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Ninth Circuit Reverses Conviction of Former McAfee CFO

By Katerina Milenkovski, Litigation News Associate Editor – March 30, 2011

The U.S. Court of Appeals for the Ninth Circuit has reversed the conviction of Prabhat Goyal [PDF], the former Chief Financial Officer of McAfee, acquitting him on 15 counts of securities fraud and making materially false statements to auditors. The government had alleged that, under Goyal’s supervision, the company violated generally accepted accounting principles by recognizing revenue from certain software sales sooner than it should have. According to the government, Goyal’s actions and statements hid losses and inflated revenues. This conduct allegedly inflated stock values and allowed Goyal to personally profit.

The Ninth Circuit, however, held that the prosecution failed to adequately prove its allegations and, instead, based its case on improper inferences and speculation about Goyal’s intent. The court pointedly noted, “[i]f simply understanding accounting rules or optimizing a company’s performance were enough to establish scienter, then any action by a company’s chief financial officer that a juror could conclude in hindsight was false or misleading could subject him to fraud liability without regard to intent to deceive. That cannot be.”

Chief Judge Blasts Prosecution
Chief Judge Alex Kozinski, in a scathing concurrence, noted that although the case had consumed “an inordinate amount of taxpayer resources” and had personally and professionally damaged the defendant and his employer, “in the end, the government couldn’t prove that the defendant had engaged in any criminal conduct.” He noted, “[t]his is not the way criminal law is supposed to work.”

“[C]riminal law should clearly separate conduct that is criminal from conduct that is legal,” Kozinski continued. “This is not only because of the dire consequences of a conviction . . . but also because criminal law represents the community’s sense of the type of behavior that merits the moral condemnation of society.” “Where prosecutors have to stretch the law or the evidence to secure a conviction, as they did here, it can hardly be said that such moral judgment is warranted,” he concluded.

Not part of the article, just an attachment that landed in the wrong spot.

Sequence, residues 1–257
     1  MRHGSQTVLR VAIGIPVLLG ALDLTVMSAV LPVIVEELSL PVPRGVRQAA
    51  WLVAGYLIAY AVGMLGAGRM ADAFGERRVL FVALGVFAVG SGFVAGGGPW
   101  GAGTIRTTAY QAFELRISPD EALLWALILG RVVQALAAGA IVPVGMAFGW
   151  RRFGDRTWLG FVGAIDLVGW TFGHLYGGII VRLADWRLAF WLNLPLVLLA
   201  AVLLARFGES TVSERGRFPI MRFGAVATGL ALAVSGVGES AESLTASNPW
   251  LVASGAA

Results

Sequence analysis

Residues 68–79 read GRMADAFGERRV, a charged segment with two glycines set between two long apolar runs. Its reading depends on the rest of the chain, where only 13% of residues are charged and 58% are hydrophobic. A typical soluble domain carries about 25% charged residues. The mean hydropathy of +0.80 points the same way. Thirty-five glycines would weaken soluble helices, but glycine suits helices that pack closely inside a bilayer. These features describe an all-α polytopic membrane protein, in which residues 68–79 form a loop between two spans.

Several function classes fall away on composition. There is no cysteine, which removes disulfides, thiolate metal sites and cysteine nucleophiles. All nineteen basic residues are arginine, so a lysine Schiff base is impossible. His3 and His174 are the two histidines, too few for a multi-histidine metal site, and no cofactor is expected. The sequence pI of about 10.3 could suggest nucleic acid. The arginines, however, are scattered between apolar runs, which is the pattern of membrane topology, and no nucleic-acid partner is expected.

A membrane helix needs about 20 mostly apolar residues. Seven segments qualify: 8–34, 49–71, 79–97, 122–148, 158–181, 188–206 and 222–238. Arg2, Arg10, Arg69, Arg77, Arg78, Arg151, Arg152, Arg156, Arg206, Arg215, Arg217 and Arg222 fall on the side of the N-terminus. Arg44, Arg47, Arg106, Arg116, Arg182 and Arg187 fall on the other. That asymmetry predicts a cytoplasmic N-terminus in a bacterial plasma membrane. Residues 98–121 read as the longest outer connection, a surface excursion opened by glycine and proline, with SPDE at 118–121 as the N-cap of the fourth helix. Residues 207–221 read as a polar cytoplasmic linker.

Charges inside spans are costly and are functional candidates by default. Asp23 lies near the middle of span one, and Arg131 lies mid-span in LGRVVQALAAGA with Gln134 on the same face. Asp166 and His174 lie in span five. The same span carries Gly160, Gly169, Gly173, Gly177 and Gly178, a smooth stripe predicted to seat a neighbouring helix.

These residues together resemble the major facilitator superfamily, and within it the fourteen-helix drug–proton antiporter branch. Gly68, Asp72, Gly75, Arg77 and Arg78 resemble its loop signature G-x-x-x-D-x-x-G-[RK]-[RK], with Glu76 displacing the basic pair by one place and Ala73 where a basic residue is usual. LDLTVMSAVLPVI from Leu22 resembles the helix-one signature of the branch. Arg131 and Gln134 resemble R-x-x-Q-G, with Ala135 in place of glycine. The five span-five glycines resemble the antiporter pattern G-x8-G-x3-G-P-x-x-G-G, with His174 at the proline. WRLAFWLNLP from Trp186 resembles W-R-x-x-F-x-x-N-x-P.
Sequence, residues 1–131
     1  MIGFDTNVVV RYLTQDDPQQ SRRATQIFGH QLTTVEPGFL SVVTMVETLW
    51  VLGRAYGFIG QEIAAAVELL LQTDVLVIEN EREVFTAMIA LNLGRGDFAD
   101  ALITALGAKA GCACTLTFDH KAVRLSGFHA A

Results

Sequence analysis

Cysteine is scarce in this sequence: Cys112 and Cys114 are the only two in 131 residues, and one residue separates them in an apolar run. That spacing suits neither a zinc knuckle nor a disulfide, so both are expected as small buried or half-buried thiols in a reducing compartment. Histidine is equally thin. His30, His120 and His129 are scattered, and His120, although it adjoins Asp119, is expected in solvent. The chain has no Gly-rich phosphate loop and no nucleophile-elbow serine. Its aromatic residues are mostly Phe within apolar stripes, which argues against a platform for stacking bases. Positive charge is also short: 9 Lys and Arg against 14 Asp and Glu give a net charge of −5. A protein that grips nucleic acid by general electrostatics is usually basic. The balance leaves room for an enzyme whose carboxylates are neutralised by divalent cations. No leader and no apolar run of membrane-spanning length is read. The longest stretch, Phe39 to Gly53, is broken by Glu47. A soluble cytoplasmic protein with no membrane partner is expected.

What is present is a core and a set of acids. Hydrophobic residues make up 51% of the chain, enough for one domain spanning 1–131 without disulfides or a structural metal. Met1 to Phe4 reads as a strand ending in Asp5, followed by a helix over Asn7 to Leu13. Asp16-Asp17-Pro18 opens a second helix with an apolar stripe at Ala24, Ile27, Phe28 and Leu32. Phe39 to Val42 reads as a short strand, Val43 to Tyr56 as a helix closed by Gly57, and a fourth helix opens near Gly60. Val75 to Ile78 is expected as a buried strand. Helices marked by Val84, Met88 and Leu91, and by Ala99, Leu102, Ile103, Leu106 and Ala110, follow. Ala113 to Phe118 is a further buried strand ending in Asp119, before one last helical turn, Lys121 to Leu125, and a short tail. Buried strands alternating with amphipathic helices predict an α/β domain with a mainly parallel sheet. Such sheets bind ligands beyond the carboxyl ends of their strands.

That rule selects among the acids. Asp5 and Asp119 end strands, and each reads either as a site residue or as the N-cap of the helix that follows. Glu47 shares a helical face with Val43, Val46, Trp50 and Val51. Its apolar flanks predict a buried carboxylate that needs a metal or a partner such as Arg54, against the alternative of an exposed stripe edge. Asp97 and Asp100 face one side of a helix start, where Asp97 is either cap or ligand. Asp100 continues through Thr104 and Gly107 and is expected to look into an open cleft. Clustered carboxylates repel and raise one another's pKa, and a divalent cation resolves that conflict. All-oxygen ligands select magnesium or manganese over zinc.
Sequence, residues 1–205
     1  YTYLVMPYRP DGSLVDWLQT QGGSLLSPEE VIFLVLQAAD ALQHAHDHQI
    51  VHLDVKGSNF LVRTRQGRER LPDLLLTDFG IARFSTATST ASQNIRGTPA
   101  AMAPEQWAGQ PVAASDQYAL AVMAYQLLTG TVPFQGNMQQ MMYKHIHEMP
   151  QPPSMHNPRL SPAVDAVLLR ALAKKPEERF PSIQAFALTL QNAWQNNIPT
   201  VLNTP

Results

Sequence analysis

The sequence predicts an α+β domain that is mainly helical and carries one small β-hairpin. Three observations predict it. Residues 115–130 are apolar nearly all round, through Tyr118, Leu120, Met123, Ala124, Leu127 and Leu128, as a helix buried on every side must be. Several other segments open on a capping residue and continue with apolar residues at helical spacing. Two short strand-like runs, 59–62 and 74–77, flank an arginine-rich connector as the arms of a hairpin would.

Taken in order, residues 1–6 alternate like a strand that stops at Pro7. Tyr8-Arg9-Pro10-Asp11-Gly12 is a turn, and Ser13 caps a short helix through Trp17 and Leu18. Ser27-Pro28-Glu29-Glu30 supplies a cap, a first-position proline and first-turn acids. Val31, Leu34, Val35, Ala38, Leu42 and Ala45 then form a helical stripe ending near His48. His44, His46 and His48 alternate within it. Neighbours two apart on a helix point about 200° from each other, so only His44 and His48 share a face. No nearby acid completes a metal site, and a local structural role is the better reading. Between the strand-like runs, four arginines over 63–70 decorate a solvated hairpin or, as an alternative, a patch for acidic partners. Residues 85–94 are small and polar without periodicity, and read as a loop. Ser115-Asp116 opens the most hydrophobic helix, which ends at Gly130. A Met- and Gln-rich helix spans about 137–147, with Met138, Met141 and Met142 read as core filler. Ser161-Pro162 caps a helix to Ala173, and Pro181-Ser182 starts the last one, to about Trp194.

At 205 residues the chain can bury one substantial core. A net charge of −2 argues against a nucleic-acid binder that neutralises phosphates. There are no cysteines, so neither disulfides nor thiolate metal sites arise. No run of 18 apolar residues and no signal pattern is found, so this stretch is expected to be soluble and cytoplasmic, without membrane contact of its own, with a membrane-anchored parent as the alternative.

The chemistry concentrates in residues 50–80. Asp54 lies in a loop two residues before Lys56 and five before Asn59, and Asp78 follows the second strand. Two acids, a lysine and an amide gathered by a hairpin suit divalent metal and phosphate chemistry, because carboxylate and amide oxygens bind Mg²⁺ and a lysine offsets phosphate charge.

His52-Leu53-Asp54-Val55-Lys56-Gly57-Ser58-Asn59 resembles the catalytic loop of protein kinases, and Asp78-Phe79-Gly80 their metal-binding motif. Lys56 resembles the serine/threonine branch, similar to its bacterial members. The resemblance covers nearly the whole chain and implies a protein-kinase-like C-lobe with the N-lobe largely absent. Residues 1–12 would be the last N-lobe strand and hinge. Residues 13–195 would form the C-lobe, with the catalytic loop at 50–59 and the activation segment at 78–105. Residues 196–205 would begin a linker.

Criminal Liability Versus Civil
“I am somewhat gratified that the court is recognizing, at least where these accounting provisions are involved, that it is really hard to make a criminal case,” says D. Grayson Yeargin, Washington, DC, cochair of the ABA Section of Litigation’s Criminal Litigation Committee. “I think the court’s comment asking why the government wasn’t using civil law to right some of these alleged wrongs was spot on.” According to Yeargin, “this was, quite simply, a failure of evidence. This case shouldn’t have reached appeal. It should have been decided in the middle of the trial, when the prosecution rested its case.”

“This case presents some typical examples of government overreaching and its tendency to rely on circumstantial evidence that is a step away from where it needs to be to properly demonstrate intent,” observes Stacey F. Gottlieb, Phoenix, AZ, cochair of the Section of Litigation’s Criminal Litigation Committee. “I found it unusual, although very appropriate, that the court of appeals looked at and analyzed this case in such great detail. I wish they would give this attention to detail to the amount of proof necessary in other cases. In most criminal cases where issues of proof are involved, the court usually comes out the other way. The government is used to getting more leeway than perhaps it should.”

Need to Establish Scienter
“A line has to be drawn as to whether there was any evidence of intentional misleading behavior by the defendant,” says Yeargin. “They found some mistakes, but what was missing was any evidence that this was an intentional act. It is hard to turn a gray area into a criminal case.”

“In complex cases—like securities fraud cases—you are going to have to spend money to do it right,” says Gottlieb. “If anything, I question whether the government went as far as it should have. For example, with respect to certain allegations of misconduct, we don’t know if any evidence existed, or if the government looked at it but chose not to present it —in which case, they probably shouldn’t have brought the case. Did they not have enough resources to dig deeper, or were they concerned they wouldn’t like the answer?”

Keywords: litigation, Ninth Circuit, court of appeals, conviction reversal, criminal litigation

Related Resources

  • » United States v. Goyal, 629 F.3d 912 (9th Cir. 2010).


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